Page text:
5 Things to Look for at Döner Bistro

Adams Morgan’s new late-night spot is bringing the fun with foosball and plenty of beers.

A spiced beef döner, hot from the spit. Photograph by Melissa Romero.

Watch out, Jumbo Slice—there’s a new late-night game in town.
Döner Bistro soft-opened yesterday afternoon, and is set to be
the new place for post-bar noshing. But don’t get us wrong. We stopped by in the sober
light of day, and would happily return for lunch. The eponymous sandwich—a German-Turkish
hybrid with spiced beef or chicken, topped with slaw, tomatoes, and garlic-yogurt
sauce—is the rare genre of food you’d want to eat before, during, and after a few
beers. Here are five things to look for when you drop by.

Electric Meat Shavers

Not only is this a great name for an indie band, but you’ll find employees wielding
these machines, shaving thin slices of spiced beef and chicken off of rotating spits.
The gyro-style “meat cones” (possibly the Electric Meat Shavers’ opening act) aren’t
the typical variety you’ll find in fast food spots, shipped from afar and packed with
preservatives. These are made in house: Meats are marinated overnight in a mix of
spices, sliced thin, molded onto spits, and then slow-roasted on the rotisserie. Once
you place an order, the tender meat is shaved off and placed in toasted flat bread,
topped with tomatoes, cucumbers, tangy slaw, and garlic-yogurt sauce.

Fried Foods (Eventually)

The fryer is just getting set up today, so you probably won’t find the full menu until
early next week. Right now, döner, salads, bratwurst, and currywurst—sliced brats
spread with curried ketchup—are what you’ll be ordering along with your stein. Once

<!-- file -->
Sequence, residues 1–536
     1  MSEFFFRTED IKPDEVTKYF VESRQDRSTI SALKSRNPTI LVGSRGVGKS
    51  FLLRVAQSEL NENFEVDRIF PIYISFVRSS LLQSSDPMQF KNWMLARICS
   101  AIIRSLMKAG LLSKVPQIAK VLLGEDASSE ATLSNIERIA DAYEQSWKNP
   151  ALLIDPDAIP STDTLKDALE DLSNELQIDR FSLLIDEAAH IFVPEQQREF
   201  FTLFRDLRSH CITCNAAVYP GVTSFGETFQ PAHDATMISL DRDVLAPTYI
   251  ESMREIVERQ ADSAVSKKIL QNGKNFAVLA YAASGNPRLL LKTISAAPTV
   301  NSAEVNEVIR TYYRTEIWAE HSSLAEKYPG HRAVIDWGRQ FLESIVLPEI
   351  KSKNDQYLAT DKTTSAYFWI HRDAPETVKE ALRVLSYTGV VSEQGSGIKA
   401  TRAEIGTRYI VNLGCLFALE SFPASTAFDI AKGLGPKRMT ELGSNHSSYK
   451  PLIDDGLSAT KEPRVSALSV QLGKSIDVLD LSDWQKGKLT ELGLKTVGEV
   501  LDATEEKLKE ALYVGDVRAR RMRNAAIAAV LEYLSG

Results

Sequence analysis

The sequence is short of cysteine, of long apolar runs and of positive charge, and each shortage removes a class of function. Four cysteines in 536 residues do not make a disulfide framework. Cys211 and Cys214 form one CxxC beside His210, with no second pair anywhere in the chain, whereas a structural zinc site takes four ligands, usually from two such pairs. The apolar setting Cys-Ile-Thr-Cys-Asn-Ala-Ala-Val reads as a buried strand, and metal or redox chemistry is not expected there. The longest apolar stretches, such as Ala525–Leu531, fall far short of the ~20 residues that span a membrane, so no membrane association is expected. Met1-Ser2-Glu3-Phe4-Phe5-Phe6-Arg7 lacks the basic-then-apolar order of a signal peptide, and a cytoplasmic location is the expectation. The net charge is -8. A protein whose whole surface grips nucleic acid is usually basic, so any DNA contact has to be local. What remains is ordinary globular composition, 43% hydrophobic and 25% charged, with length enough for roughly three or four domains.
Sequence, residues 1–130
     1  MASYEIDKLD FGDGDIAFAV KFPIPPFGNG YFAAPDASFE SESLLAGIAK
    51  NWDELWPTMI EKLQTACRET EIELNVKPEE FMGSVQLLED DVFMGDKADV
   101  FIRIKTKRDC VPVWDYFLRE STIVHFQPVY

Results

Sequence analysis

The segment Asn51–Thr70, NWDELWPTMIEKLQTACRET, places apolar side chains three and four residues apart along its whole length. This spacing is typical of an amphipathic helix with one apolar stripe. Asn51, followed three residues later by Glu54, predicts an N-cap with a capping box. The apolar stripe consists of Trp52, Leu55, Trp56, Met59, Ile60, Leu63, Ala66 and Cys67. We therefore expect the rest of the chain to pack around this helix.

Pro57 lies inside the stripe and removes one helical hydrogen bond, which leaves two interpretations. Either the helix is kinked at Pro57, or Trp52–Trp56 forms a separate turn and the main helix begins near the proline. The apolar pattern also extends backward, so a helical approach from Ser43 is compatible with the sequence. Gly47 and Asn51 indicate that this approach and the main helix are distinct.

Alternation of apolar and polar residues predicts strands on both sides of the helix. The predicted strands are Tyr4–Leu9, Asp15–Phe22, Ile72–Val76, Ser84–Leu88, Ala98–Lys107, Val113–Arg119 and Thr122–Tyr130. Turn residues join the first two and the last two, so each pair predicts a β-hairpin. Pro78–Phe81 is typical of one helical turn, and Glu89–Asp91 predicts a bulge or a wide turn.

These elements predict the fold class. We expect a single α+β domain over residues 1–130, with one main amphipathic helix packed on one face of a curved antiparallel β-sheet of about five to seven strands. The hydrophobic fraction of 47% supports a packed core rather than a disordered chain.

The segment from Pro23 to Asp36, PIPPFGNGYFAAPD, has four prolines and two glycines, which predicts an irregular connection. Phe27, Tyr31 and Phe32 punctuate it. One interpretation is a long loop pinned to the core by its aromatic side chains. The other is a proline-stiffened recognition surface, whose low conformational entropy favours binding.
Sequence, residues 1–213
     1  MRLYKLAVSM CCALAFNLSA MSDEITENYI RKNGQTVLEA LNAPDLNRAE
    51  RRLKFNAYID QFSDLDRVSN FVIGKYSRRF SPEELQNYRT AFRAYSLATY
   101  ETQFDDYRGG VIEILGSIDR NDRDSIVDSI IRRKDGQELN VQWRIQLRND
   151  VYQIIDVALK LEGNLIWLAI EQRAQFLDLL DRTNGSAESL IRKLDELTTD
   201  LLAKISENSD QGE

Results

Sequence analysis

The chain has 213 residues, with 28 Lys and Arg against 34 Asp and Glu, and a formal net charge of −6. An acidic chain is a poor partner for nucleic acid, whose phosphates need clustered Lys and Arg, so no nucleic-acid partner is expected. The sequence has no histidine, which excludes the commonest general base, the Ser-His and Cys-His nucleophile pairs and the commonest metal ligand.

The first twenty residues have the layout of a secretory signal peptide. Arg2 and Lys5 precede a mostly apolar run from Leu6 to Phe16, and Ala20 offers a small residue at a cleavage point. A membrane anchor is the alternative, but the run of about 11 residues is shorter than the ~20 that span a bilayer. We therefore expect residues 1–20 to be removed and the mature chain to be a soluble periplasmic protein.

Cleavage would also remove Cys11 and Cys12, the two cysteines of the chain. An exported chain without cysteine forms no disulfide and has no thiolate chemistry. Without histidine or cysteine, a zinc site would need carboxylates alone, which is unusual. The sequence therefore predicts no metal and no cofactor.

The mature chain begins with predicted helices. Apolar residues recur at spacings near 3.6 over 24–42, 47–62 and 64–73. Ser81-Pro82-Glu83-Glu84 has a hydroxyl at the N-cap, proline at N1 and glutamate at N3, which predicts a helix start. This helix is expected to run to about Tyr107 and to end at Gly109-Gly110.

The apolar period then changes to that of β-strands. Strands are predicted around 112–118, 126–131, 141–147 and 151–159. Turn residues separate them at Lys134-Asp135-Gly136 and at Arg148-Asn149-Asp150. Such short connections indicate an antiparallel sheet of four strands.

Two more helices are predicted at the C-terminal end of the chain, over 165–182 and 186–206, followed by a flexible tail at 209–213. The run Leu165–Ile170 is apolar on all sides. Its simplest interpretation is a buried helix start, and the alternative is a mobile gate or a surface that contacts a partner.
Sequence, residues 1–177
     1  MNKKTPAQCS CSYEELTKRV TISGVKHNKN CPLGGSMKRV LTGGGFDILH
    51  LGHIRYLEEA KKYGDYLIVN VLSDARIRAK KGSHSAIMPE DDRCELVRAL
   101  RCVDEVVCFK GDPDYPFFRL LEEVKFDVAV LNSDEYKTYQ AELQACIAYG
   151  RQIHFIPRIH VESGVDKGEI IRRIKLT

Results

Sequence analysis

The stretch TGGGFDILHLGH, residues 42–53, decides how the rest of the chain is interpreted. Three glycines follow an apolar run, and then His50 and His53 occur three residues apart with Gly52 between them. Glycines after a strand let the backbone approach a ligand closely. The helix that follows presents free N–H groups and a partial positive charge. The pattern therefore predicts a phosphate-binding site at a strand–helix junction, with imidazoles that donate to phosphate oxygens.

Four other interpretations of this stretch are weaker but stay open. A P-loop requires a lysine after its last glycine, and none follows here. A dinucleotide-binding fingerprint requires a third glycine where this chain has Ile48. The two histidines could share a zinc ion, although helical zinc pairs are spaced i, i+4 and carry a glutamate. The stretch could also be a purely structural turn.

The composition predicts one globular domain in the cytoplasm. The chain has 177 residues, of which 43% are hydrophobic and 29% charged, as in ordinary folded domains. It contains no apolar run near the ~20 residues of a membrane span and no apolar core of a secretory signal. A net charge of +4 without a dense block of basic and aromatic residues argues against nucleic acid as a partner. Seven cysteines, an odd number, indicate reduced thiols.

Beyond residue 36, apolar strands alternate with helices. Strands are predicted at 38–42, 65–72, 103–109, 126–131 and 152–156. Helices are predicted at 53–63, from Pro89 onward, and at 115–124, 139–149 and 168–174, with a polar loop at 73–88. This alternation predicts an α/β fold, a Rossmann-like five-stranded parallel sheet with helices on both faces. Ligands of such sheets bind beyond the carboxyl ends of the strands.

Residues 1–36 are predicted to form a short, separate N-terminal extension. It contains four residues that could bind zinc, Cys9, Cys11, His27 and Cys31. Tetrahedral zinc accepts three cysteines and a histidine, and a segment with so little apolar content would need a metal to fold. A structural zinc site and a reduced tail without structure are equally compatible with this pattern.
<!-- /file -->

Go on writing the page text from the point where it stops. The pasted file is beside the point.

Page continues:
the restaurant is officially open, look for falafel, veal schnitzel, and hand-cut,

Kegs You Can Sit On

The bistro is funky and small, with patterned walls, a dangling chandelier, and a
40-person capacity. Grab one of the orange picnic-style tables with friends—ten on
a side makes for a cozy nosh session—or make new ones by plunking down solo. In order
to maximize the space, the owners have also designed 16 “keg seats,” full kegs about
the height of a bar stool that pump beer while you sip your own.

A Mini Biergarten

No room inside? Migrate to one of the four picnic-style tables on the open-air patio.
Hopefully the weather will stay perfect for sipping the 24 bottled brews, including
varieties from Germany, Austria, and Turkey (a nod to the döner’s origin). Beer nerd
trivia: you can order a bottle from one of the oldest breweries in the world, Weihenstephaner,
which started nearly a thousand years ago as a monastery brewery for Benedictine monks.


When we arrived, there were already devoted fans in matching soccer jerseys sipping
beers and dominating the foosball table. The good news: Döner Bistro is a few blocks
down Columbia Road off the AdMo “strip,” so you may not always have to fight crowds
(drunken and not) for a chance on the table.

Food Editor

Anna Spiegel covers the dining and drinking scene in her native DC. Prior to joining Washingtonian in 2010, she attended the French Culinary Institute and Columbia University’s MFA program in New York, and held various cooking and writing positions in NYC and in St. John, US Virgin Islands.